Art world dynamo and style star Laura de Gunzburg is a globetrotter by trade. As director of membership for The Cultivist and director of the Dia Contemporaries, de Gunzburg attends virtually every major art fair on the planet, keeping her finger squarely on the industry’s pulse. Just in from Art Basel Miami Beach, de Gunzburg, who also pens a column for Cultured Magazine, fills us in on the kinship between art and jewelry.
Connect the dots for us between the art world and jewelry.
Most people in the art world are very chic. If you have an eye for art, you have an eye for the way you present yourself, and jewelry is part of that.
What’s trending in the art/jewelry intersection these days?
The Louisa Guinness Gallery in London is solely focused on artists’ jewelry. They represent artists such as Anish Kapoor, Claude Lalanne and Alexander Calder. I just wore some of their pieces during Art Basel and got so many compliments.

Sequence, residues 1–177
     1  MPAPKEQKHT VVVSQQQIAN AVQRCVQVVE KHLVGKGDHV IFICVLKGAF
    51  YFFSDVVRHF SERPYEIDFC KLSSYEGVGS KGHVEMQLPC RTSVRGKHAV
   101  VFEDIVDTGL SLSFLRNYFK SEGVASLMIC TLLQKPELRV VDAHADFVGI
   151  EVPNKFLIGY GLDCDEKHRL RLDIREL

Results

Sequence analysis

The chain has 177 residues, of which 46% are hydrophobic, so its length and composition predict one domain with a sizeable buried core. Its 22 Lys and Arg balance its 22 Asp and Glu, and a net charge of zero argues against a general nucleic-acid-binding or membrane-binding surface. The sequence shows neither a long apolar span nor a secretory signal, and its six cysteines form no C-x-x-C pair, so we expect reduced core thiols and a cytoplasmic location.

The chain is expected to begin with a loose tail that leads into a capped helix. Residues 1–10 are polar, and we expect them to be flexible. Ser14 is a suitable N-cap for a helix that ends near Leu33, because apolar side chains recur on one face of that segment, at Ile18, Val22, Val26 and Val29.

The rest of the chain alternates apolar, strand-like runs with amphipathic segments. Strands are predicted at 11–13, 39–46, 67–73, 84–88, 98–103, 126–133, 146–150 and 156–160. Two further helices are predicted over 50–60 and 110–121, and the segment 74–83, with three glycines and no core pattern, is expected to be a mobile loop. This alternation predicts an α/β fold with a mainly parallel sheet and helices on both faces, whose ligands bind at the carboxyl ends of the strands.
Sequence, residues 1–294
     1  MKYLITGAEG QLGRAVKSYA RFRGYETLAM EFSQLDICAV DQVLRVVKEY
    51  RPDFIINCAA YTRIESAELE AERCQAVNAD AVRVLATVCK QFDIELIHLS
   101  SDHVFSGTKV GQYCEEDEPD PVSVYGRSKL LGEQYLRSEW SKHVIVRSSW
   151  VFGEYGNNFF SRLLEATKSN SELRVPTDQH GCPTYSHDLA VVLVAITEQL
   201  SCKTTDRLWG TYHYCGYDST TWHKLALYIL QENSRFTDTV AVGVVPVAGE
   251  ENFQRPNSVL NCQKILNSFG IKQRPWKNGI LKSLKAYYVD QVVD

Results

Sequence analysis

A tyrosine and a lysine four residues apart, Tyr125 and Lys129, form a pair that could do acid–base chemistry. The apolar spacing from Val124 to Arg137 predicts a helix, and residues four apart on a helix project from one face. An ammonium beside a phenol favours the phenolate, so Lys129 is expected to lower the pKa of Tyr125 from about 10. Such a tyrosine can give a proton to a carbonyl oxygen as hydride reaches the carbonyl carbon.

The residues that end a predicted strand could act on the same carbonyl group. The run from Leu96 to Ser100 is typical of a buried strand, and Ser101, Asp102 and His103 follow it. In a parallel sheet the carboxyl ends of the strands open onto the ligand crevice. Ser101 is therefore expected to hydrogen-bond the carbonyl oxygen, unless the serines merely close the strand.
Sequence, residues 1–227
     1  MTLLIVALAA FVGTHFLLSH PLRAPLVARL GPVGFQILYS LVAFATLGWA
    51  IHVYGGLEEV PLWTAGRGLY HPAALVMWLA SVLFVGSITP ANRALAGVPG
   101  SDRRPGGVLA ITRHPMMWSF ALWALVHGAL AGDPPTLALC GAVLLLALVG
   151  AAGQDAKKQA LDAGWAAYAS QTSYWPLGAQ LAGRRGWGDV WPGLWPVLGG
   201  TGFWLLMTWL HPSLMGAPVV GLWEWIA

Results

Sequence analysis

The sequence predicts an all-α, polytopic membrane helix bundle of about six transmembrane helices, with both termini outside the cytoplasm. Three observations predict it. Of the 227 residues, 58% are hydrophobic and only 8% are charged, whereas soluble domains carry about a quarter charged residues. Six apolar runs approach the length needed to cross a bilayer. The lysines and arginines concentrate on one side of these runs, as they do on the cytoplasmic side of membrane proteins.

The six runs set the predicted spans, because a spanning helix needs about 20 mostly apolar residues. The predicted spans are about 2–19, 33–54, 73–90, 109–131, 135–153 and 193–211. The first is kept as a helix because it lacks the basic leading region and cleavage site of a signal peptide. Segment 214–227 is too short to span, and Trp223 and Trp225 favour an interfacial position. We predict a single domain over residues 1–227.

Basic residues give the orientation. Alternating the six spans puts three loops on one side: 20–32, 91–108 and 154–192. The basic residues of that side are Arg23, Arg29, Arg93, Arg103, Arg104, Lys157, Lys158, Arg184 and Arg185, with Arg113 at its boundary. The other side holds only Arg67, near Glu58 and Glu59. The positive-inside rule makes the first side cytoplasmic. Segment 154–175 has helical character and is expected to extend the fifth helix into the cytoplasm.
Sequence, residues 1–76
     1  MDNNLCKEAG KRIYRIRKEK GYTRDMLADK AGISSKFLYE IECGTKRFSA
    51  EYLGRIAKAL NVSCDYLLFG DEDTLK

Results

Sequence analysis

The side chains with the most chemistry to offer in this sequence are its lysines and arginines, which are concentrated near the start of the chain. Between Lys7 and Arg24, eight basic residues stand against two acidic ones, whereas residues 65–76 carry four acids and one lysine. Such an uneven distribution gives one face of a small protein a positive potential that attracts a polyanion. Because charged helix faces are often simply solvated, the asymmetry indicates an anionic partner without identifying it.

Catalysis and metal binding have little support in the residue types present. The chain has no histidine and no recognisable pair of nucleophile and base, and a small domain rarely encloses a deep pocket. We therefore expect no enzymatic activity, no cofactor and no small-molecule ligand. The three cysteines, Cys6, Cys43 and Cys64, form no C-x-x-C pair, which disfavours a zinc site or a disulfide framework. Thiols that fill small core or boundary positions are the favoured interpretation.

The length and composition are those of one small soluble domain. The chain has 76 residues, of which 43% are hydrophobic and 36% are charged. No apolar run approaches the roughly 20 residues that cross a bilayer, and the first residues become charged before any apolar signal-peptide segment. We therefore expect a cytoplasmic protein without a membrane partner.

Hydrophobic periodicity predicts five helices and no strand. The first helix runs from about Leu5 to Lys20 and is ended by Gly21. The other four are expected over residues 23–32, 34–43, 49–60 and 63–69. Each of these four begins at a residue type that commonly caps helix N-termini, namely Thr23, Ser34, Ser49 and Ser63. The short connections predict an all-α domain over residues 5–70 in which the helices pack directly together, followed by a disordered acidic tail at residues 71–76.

My jewelry identity is…
Everything I wear is very much a reflection of me. I have a lot of bracelets with a lot of lucky charms on them. I never take them off! I sleep in them. I shower in them. I’m superstitious, so I have a four-leaf clover, an elephant, a ladybug, an evil eye. They make noise clinging together. Everyone knows when I’m in the office.
My most precious piece of jewelry is…
Aurelie Bidermann is a good friend and I have one of her bracelets with all the charms and the initials of everyone in my family engraved on it. I also have three rings I never take off: a Repossi ring, a Dior “Oui” ring (my mom’s French, and I was born in Paris), and an engraved Cartier eternity ring engraved that my Dad gave me on my 18th birthday.
I don’t wear pretty jewelry. I wear it because it’s an interesting design and something I connect with.
What did you select from Memo?
I chose two rings by Emily P. Wheeler. One of them is the Baby Cigar Band, which is a stackable ring that’s super easy and you can have on all the time—so versatile. And I love her diamond Line Ring on a diagonal because it stands out. It becomes a conversation piece.